Article Text

Download PDFPDF

The “pop phenomenon” detected by phased array intracardiac echocardiography
  1. M Takagi,
  2. I Toda,
  3. J Yoshikawa
  1. m7424580{at}

Statistics from

Request Permissions

If you wish to reuse any or all of this article please use the link below which will take you to the Copyright Clearance Center’s RightsLink service. You will be able to get a quick price and instant permission to reuse the content in many different ways.

Radiofrequency ablation with an irrigation catheter is available to ablate ventricular tachycardia in cases with a structural heart disease. The “pop phenomenon” associated with the use of this system remains crucial but direct visualisation of the “pop phenomenon” has not been reported. A deflectable 8.5 MHz phased array intracardiac echocardiography (ICE) catheter (Acu Nav, Acuson Inc) presented in a canine model the visual aspect of a real time “pop phenomenon” on the apical posterior wall of the left ventricle in vivo. Using a temperature controlled system, low power energy was delivered to the left ventricle for 45 seconds. The mean temperature was 55°C with a mean power of 25 W. Suddenly, the ablated lesions were vividly demonstrated by the presence of a notable increase in tissue density and the central hypoechoic area (below left). Simultaneously, we found a bubble formation in the left ventricle. The real time measurements of the maximum width and depth of the hyperechoic lesion and the central hypoechoic area were 13.8 and 9.0 mm, and 6.1 and 4.5 mm, respectively. A histological examination revealed sharply demarcated ablated lesions and a central crater formation (below right). Macroscopically, the maximum width and depth of the ablated lesion and the central crater were 13.2 and 8.8 mm, and 6.2 and 4.7 mm, respectively. The sizes of the ablated lesion and the crater on ICE corresponded to those of the macroscopic measurements.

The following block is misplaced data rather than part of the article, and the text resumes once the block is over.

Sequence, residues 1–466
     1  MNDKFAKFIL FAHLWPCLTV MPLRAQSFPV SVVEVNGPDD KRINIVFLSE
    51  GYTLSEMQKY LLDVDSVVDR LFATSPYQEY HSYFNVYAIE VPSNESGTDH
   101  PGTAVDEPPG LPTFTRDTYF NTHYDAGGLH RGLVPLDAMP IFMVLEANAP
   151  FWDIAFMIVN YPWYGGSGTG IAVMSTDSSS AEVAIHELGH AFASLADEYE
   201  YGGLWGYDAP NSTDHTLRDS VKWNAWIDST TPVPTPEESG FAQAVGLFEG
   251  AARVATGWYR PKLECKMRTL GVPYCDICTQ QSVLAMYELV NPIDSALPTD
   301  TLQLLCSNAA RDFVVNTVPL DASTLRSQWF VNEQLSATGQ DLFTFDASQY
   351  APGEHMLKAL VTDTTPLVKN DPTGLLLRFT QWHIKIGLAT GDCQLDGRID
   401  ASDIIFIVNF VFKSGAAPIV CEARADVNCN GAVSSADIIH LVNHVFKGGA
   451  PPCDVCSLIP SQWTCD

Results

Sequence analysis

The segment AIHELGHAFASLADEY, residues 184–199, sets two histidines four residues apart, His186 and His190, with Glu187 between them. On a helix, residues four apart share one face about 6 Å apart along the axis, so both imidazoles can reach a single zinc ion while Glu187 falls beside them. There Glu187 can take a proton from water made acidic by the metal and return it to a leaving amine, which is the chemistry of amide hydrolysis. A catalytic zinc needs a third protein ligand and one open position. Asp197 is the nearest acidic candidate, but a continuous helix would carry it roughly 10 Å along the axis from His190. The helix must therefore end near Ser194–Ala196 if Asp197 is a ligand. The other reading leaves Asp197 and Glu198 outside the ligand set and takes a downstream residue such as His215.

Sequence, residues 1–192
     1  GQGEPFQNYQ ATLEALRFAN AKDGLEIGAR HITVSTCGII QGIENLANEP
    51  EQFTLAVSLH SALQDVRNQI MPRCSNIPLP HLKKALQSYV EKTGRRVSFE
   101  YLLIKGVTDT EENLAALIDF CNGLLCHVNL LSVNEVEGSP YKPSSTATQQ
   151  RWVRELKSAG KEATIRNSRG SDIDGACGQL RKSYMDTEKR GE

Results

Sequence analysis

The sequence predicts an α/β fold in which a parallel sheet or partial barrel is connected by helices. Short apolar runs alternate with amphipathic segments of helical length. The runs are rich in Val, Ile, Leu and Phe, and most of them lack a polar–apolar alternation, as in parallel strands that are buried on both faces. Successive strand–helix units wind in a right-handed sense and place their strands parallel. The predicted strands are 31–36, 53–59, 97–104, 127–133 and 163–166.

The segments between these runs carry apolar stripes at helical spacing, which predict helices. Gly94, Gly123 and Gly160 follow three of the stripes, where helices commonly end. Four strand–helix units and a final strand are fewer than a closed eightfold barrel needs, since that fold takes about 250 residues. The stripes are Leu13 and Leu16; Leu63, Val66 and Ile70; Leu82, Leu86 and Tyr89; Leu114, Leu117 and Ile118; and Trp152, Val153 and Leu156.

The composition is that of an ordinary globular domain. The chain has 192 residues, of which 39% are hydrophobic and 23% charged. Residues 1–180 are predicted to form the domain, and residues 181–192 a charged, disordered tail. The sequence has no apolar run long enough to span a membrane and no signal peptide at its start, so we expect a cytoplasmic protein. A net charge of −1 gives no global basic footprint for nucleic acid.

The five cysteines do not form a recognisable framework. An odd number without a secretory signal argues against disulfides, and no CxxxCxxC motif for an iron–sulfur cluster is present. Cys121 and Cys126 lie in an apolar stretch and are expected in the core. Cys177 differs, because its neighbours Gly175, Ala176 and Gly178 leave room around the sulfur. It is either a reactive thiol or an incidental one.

Phased array ICE may be useful in the direct identification of an ablated lesion and crater formation when a “pop phenomenon” occurs during low power ablation.

Embedded Image

Embedded Image